The tip functions in Chinese messaging platforms are free to use and allow people to send authors and other content creators monetary tips through transfers to mobile wallet accounts. However, according to The Wall Street Journal, Apple has decided that tips are equivalent to in-app purchases – similar to buying games, music, and videos – therefore Apple is entitled to a 30 percent cut of every transaction.
The move by Apple appears to be a way to eke out additional revenue from Chinese iPhone users as part of a broader effort to increase its market share in the country. According to research firm IDC, Apple’s market share in China dropped from 16 percent in Q1 2015 to 9 percent in Q1 2017, while the iPhone has fallen to fourth place behind Chinese brands Oppo, Huawei, and Vivo.
On the other hand, Apple’s App Store revenue in China overtook its U.S. App Store revenue in 2016 and became the biggest App Store market in the world. Making the tip function an in-app purchase in China’s wildly popular chat apps would seem to be a sure-fire way to increase Apple’s revenue. However, Apple’s pressure on messaging platforms like WeChat is a risk and threatens to alienate huge Chinese companies.
Some social-networking apps have likened Apple’s tactic to arm-twisting, according to The Wall Street Journal. Apple is said to have told chief executives at two companies that if they refuse to make the change, updated versions of their apps won’t be made available and they could be kicked out of the App Store. “We don’t charge anything as the platform, but Apple gets 30 percent for doing nothing,” one of the executives reportedly fumed.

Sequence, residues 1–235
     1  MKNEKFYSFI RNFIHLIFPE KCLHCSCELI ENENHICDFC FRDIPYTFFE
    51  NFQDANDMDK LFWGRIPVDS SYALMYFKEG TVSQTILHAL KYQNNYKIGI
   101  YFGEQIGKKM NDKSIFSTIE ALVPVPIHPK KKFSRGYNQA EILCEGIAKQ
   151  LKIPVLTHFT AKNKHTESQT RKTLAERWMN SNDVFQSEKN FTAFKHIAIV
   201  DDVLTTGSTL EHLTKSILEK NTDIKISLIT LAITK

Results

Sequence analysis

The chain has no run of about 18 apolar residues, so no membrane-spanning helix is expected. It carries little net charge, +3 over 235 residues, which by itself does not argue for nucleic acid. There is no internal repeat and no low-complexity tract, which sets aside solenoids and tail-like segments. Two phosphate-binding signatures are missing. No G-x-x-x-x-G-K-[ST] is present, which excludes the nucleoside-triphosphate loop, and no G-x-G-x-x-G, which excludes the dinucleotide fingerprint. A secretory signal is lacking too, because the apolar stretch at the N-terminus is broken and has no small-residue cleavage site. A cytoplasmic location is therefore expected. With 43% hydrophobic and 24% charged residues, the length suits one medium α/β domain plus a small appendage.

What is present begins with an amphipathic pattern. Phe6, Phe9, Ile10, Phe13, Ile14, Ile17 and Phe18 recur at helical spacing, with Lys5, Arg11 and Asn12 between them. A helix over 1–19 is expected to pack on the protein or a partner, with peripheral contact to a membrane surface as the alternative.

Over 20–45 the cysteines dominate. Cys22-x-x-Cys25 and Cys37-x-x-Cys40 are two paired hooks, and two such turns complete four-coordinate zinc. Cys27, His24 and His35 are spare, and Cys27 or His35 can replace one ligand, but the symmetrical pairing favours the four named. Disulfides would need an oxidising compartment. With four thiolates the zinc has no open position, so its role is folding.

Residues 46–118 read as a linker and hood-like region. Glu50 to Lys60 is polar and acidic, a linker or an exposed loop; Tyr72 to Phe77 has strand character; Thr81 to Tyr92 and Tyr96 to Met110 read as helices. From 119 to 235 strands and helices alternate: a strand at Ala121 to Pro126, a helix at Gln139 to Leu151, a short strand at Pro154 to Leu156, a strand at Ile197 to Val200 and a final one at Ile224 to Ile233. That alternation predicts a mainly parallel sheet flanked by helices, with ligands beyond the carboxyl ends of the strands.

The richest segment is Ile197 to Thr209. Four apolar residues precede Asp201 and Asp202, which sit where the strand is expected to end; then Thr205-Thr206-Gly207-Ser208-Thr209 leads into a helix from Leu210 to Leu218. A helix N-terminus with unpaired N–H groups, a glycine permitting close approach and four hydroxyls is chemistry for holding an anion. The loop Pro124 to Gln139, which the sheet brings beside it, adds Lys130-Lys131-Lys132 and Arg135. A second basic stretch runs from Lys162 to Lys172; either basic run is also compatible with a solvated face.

The annoyance stems from the way the tipping culture is viewed in China. Chinese app developers see tipping as fundamentally different from in-app purchases because users only tip voluntarily as a mark of appreciation when they consume content. But the biggest worry for Apple could be whether the Chinese government decides to intervene and side with the tippers.
One executive says his company is talking to the Ministry of Industry and Information Technology, a regulator, about whether Apple is imposing unfair rules by turning tipping into in-app purchases. MIIT says it isn’t involved. The People’s Bank of China, which regulates electronic payments, didn’t respond to a request for comment.
Apple has suffered at the hands of Chinese state regulators before. But Apple also risks frustrating China’s biggest company Tencent Holdings Ltd, the developer of WeChat, which has 938 million active monthly users. The messaging service works almost like an operating system all of its own, boasting multiple mini-apps that allow users to pay bills, book hotels, browse media, and more, without ever having to leave the chat platform. The nature of the system itself could be a threat to Apple’s app revenue, while WeChat is arguably more important to Chinese smartphone users than any individual phone brand – iPhone included.
WeChat is in talks with Apple to try to find a new solution to the tipping problem and come to an alternative agreement, according to people familiar with the matter.